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The following courses are being offered during the Spring 2019 semester. All of the courses listed are related to the health humanities and qualify for the undergraduate literature, medicine, and culture minor.


ANTH 147: Comparative Healing Systems (SS, GL)
Peter Redfield | TuTh 11:00am-12:15pm + Recitation

In this course we compare a variety of healing beliefs and practices so that students may gain a better understanding of their own society, culture, and medical system.

ANTH 319: Global Health (SS, GL)
Amanda Thompson | MWF 10:10-11:00am + Recitation

This class explores some of the historical, biological, economic, medical, and social issues surrounding globalization and health consequences.

ANTH 470: Medicine and Anthropology (SS)
Martha King | TuTh 9:30-10:45am + Recitation

This course examines cultural understandings of health, illness, and medical systems from an anthropological perspective with a special focus on Western medicine.


ENGL 690: Early Modern English Medical Discourse and Literature
Mary Floyd-Wilson | TuTh 12:30-1:45pm

In this course, we will read a range of texts on early modern medicine, including plague tracts, anatomical treatises, regimens, herbals, and midwifery manuals to consider how this material may inform our understanding of the period’s beliefs about bodies, sex, gender, emotions, temperament, disease, mortality, and sin.  We will also examine how this medical discourse can instruct our interpretation of more familiar literary genres of the period, including drama, poetry, and prose.  We will ask a range of questions, such as: What social narratives can we discern in medical writing?  Why were writers obsessed with melancholy?  How did people explain the plague?  What were the common methods of curing?  What were the cultural assumptions about professional and lay medical practitioners?  How did religion shape medicine and sickness?  When and how did physic intersect with magic?  Literary texts may include works by William Shakespeare, John Webster, John Donne, Ben Jonson, Thomas Dekker, Edmund Spenser, and more.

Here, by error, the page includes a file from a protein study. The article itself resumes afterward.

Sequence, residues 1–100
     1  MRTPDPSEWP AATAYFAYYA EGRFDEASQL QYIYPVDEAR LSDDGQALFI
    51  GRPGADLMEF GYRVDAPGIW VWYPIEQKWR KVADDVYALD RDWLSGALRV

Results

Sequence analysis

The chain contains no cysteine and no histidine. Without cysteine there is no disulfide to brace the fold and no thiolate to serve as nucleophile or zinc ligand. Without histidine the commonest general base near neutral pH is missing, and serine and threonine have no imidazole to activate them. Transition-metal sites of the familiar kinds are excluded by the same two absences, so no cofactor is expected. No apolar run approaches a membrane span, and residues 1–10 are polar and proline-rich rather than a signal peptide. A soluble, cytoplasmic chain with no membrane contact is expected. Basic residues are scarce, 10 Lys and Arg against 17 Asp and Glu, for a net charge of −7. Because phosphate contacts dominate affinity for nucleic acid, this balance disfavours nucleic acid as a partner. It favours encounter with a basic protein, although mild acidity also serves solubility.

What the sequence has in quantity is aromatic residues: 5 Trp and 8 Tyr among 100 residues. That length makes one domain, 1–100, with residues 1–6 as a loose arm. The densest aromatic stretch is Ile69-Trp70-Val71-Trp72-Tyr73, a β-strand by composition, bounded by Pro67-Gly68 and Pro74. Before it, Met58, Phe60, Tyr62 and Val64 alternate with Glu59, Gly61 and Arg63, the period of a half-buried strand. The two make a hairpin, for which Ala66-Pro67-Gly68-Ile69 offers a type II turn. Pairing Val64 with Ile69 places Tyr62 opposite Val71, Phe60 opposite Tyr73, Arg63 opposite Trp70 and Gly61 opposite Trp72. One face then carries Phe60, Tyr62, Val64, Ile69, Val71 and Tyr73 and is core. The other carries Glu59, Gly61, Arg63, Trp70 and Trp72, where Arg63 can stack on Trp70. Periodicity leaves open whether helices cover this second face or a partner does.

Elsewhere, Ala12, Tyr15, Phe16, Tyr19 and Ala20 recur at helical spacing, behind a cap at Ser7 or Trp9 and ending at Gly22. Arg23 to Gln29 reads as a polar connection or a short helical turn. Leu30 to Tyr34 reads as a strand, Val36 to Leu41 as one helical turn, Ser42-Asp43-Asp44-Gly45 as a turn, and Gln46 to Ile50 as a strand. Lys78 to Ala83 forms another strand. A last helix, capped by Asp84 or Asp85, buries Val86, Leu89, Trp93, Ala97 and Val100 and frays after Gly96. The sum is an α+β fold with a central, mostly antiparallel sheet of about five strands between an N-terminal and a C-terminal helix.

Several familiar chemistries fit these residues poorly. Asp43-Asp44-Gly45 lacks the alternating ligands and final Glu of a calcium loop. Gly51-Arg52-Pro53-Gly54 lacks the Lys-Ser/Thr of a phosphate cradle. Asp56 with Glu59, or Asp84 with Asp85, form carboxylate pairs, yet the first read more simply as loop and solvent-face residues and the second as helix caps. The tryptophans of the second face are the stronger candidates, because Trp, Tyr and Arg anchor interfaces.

GEOG 222: Health and Medical Geography (SS, GL)
Michael Emch | TuTh 12:30-1:45pm

The human ecology of health is studied by analyzing the cultural/environmental interactions that lie behind world patterns of disease distribution, diffusion, and treatment, and the ways these are being altered by development. Previously offered as GEOG 445. (GHA).

Media and Journalism

MEJO 560: Environmental and Science Journalism 
Thomas Linden | MW 12:30-1:45pm

Prepare students to work as environmental and science journalists. The course emphasizes writing skills in all delivery formats and interpreting environmental, science, and medical information for consumers.

Public Policy

PLCY 565: Global Health Policy (GL)
Benjamin Meier | TuTh 11:00am-12:15pm

Coursework will focus on public policy approaches to global health, employing interdisciplinary methodologies to understand selected public health policies, programs, and interventions. For students who have a basic understanding of public health.


SOCI 422: Sociology of Mental Health and Illness (SS)
Taylor Hargrove | TuTh 11:00am-12:15pm
Taylor Hargrove | TuTh 12:30pm-1:45pm

Examines the uniqueness of the sociological perspective in understanding mental health and illness. Draws upon various theoretical perspectives to best understand patterns, trends, and definitions of mental health and illness in social context. Focuses on how social factors influence definitions, perceptions, patterns, and trends of mental health and illness.


SOCI 469: Health and Society (SS)
Liana Richardson | TuTh 9:30-10:45am
Liana Richardson | TuTh 11:00am-12:15pm

The primary objective of the course is to explain how and why particular social arrangements affect the types and distribution of diseases, as well as the types of health promotion and disease prevention practices that societies promote.